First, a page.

Whether we look at the universe at the quantum scale or across the vast distances over which the effects of general relativity become clear, then, the common-sense reality of chairs, tables and other material things would seem to dissolve away, to be replaced by a deeper reality inhabiting the world of mathematics.
You could look upon this as the mind of God. But I'd rather not. It is what it is. Which we don't know, because there's debate over whether mathematics simply describes how the stuff of physical reality operates, or whether there's another plane of reality that the mathematical laws of nature emanate from.
I'm attracted to the second option. Like most mathematicians, so is Penrose.
Might mathematical entities inhabit their own world, the abstract Platonic world of mathematical forms? It is an idea that many mathematicians are comfortable with. In this scheme, the truths that mathematicians seek are, in a clear sense, already "there", and mathematical research can be compared with archaeology; the mathematician's job is to seek out those truths as a task of discovery rather than one of invention.
To a mathematical Platonist, it is not so absurd to seek an ultimate home for physical reality within Plato's world.
And that is decidedly "spiritual," though it's difficult to discern much difference between mathematicality and spirituality if one accepts Penrose's basic premise: that reality is mysteriously both objective and tied to the conscious subjectivity of those who experience it.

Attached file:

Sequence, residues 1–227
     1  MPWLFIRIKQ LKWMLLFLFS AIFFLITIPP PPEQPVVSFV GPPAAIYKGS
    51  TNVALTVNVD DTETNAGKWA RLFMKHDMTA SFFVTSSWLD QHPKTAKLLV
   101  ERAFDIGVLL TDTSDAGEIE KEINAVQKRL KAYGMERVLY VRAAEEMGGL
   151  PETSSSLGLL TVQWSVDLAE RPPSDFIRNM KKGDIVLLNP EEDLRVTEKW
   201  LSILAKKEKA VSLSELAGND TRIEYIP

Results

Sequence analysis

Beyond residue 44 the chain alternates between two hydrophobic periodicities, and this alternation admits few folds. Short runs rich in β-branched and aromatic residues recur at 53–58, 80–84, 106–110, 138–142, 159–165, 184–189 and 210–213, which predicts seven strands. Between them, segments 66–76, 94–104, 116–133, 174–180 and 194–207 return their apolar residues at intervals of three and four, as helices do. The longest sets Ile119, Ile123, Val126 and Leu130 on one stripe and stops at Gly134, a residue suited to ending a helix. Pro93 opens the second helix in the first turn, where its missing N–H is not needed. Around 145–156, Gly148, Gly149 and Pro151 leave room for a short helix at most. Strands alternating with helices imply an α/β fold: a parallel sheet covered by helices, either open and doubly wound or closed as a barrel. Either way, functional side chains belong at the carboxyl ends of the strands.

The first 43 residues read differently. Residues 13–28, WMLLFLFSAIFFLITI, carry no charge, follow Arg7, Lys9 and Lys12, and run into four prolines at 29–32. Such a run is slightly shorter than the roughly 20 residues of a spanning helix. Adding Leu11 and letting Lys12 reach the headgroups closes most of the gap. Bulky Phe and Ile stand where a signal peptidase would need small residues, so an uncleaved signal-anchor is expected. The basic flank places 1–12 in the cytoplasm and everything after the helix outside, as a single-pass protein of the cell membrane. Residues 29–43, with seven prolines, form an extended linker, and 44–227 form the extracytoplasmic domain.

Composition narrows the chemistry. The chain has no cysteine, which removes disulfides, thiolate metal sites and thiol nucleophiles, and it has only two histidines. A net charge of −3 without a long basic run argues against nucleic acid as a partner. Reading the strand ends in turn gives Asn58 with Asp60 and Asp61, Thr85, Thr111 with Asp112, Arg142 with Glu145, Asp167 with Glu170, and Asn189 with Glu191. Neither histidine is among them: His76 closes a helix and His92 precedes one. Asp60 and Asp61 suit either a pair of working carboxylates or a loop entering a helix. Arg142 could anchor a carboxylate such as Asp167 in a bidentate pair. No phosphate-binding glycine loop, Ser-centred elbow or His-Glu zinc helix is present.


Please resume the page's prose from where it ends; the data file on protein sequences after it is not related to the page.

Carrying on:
We do not properly understand why it is that physical behaviour is mirrored so precisely within the Platonic world, nor do we have much understanding of how conscious mentality seems to arise when physical material, such as that found in wakeful healthy human brains, is organised in just the right way.
Nor do we really understand how it is that consciousness, when directed towards the understanding of mathematical problems, is capable of divining mathematical truth. What does this tell us about the nature of physical reality? It tells us that we cannot properly address the question of that reality without understanding its connection with the other two realities: conscious mentality and the wonderful world of mathematics.